British Prime Minister Boris Johnson mocked at Queen Elizabeth’s Platinum Jubilee Service : Johnson and his wife, Carey, were greeted by large crowds of royal fans waiting outside the cathedral, while former prime ministers received soft applause as they entered the service.
London : British Prime Minister Boris Johnson was met with a welcome, ridicule and some applause when he arrived at St Paul’s Cathedral in London to serve Queen Elizabeth on Friday, reflecting mounting pressure in office.
Johnson and his wife, Carey, were greeted by large crowds of royal fans waiting outside the cathedral, while former prime ministers received soft applause as they entered the service.
Some people applauded his arrival by clapping.
|Name||Alexander Boris de Pfeffel Johnson|
|Date Of Birth||19 June 1964 (age 57)|
New York City, US
|Children||7 (including Lara Johnson-Wheeler|
|Father Name||Stanley Johnson|
|Mother Name||Charlotte Fawcett|
|Proffesion||Prime Minister of the United Kingdom|
Boris Johnson mocked at Queen Elizabeth’s Platinum Jubilee Service
Johnson was forced to apologize several times after his employees held a string of rule-breaking parties during the national COVID-19 lockdown, and had received a police fine for attending an event himself.
A growing number of lawmakers from his own party have called for Johnson to step down, fueling speculation that he may face a leadership challenge.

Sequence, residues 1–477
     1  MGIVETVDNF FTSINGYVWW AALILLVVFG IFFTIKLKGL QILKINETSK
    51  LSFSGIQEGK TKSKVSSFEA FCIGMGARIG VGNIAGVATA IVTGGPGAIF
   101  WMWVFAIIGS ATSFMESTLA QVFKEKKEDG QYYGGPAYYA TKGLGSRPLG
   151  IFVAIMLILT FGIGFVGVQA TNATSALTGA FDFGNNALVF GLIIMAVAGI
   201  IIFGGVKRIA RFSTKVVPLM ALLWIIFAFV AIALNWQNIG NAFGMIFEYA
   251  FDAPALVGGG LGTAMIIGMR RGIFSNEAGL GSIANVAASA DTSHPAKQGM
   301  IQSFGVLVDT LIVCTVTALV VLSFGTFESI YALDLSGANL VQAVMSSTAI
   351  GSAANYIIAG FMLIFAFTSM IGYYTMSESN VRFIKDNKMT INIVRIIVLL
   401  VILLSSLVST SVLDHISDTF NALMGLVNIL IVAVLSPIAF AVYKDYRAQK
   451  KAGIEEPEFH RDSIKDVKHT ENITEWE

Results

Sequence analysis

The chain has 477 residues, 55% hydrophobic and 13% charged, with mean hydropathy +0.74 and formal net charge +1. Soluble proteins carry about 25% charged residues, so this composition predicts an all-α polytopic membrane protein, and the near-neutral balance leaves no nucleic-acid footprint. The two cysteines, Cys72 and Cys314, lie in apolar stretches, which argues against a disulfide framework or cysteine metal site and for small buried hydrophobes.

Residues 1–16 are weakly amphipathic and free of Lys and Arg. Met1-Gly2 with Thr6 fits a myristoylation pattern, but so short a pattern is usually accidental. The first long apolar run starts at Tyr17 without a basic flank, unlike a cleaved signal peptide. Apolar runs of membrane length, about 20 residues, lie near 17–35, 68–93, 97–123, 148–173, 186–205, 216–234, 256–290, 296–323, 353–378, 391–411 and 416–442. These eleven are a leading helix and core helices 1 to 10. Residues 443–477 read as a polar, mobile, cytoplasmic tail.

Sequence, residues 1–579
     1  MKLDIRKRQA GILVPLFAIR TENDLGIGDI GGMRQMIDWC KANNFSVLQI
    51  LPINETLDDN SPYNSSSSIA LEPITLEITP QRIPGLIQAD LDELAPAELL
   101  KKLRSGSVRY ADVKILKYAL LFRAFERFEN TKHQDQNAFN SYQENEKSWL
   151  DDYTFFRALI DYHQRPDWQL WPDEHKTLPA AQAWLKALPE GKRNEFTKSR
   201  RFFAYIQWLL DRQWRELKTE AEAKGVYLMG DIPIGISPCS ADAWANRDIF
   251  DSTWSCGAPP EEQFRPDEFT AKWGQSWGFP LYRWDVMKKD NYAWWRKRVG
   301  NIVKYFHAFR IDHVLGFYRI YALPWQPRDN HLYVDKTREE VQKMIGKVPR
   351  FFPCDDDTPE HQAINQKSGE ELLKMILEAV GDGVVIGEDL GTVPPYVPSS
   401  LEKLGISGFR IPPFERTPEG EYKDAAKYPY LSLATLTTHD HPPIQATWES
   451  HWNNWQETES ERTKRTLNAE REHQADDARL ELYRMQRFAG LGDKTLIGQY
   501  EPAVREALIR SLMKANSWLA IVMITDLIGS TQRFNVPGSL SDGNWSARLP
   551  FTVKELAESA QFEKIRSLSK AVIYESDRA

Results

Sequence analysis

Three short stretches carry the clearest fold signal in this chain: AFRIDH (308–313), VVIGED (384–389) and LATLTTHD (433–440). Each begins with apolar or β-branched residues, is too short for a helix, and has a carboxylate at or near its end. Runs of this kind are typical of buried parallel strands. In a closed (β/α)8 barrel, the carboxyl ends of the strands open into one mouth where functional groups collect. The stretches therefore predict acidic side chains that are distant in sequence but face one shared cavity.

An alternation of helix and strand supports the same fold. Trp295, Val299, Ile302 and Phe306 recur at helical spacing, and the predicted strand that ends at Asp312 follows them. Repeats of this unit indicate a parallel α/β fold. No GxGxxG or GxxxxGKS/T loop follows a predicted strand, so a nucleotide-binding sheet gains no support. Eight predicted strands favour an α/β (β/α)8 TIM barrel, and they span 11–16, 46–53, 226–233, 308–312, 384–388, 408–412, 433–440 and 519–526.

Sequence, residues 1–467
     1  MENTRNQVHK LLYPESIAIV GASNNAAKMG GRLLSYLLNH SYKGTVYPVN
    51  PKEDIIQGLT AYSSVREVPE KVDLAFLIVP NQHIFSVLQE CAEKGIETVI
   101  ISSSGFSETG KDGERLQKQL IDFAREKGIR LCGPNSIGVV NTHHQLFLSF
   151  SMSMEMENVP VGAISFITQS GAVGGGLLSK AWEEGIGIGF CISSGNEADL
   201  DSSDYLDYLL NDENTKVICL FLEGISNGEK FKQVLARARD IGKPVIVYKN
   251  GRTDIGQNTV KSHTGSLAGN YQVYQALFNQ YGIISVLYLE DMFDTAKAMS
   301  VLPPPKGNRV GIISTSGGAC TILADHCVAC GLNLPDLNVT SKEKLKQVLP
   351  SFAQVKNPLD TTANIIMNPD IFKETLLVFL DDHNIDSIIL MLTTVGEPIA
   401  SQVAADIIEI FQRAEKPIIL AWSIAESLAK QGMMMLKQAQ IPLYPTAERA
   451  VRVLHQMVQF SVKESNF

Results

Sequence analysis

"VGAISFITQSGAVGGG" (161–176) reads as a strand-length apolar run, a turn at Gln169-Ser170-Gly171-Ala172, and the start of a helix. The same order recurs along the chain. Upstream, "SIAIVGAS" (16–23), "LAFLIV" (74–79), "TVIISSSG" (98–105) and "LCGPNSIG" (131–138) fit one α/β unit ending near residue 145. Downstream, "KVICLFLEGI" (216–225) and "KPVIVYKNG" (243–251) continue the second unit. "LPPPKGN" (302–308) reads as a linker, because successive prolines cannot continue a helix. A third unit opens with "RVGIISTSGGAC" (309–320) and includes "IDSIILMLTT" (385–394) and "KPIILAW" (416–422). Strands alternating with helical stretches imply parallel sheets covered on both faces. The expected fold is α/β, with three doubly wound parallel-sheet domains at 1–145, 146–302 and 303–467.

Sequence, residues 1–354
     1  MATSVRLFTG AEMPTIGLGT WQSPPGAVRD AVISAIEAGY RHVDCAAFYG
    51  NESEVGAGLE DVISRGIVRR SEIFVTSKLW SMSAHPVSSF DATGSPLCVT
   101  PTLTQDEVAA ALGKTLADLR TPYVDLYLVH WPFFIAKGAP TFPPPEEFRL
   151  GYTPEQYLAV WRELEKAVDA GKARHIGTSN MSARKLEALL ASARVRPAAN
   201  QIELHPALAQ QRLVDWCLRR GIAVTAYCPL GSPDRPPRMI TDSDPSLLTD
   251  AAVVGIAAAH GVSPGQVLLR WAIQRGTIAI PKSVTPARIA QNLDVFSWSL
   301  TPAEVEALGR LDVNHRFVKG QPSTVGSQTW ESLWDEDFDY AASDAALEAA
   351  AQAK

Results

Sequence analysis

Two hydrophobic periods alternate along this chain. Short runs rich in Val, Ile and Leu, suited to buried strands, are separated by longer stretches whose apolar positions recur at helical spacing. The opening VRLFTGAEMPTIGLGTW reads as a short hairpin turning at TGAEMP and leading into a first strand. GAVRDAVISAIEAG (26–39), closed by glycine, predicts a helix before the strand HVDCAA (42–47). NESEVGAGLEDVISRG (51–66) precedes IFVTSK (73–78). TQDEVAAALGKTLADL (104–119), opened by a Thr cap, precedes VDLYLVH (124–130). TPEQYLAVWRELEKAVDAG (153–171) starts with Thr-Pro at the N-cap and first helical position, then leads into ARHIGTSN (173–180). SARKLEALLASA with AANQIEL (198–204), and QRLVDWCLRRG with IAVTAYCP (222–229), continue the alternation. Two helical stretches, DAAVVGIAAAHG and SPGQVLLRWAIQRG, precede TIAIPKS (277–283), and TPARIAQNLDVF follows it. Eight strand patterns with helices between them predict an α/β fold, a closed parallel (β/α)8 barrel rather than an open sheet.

Partygate looks like it may well be over, but its hangover hasn’t deterred Prime Minister Boris Johnson. It caught him in an instant as he stepped into St. Paul’s Cathedral with his wife for the Thanksgiving ceremony on the Queen’s Platinum Jubilee.
Boris Johnson was booed loudly in the crowd outside, although it must be said that a large number also cheered for his arrival. Somehow all leaders, democrats, live with a degree of popularity among some and a lack of it among others in the hope that the greater numbers of the first kind will retain them during their term and lead them to the next. . But leaders are generally not booed in public because they were not the first leaders of choice for all.
Boris Johnson mocked at Queen Elizabeth’s Platinum Jubilee
The hooting of Boris Johnson spoke of active outrage among large numbers of people, and ‘the people’ has become dangerously synonymous with the electorate. Boris Johnson not only faces a significant degree of unpopularity; so that he can live. He also faces hatred, also hatred.
Thank you for 70 years of Queen Elizabeth’s rule was not an occasion for hooting a prime minister. The crowd just could not contain itself. All his high talk about Ukraine hasn’t convinced many people that he is the leader of the country at the moment.